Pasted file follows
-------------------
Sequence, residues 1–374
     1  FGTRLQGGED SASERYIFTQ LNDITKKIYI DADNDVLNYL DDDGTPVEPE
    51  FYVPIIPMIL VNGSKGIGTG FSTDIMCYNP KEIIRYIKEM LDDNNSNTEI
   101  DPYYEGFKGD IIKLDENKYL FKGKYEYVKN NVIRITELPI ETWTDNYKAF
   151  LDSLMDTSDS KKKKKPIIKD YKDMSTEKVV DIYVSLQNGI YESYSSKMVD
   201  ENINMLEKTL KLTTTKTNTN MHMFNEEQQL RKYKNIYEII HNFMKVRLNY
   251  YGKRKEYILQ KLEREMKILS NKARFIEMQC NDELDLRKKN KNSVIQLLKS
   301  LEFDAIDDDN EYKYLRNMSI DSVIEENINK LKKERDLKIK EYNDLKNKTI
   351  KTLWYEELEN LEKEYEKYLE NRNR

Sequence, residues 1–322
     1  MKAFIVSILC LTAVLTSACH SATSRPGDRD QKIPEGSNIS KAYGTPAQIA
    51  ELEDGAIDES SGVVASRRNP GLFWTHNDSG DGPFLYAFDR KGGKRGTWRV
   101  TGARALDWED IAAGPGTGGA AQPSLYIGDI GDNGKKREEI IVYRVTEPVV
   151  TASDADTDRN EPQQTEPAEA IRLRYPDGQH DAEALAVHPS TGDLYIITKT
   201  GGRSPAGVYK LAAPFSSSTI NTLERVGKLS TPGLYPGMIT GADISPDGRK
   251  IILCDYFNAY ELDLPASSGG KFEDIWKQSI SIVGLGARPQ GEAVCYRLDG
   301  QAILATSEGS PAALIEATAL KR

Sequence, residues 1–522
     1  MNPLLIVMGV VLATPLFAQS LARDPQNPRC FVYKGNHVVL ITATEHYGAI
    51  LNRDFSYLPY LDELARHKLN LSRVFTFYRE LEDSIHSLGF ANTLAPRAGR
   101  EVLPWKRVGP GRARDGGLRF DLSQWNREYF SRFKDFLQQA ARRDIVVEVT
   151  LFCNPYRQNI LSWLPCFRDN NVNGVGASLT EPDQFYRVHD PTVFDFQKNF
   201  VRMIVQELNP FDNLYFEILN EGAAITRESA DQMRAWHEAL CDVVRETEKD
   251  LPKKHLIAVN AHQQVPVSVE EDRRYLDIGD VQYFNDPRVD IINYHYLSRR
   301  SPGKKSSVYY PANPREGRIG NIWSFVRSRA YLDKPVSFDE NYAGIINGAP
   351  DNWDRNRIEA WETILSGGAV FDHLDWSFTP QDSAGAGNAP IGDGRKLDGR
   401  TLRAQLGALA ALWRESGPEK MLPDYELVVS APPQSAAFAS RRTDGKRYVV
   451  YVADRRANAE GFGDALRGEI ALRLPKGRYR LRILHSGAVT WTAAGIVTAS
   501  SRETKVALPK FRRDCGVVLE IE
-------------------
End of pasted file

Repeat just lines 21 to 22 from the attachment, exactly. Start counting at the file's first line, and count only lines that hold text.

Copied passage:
   101  EVLPWKRVGP GRARDGGLRF DLSQWNREYF SRFKDFLQQA ARRDIVVEVT
   151  LFCNPYRQNI LSWLPCFRDN NVNGVGASLT EPDQFYRVHD PTVFDFQKNF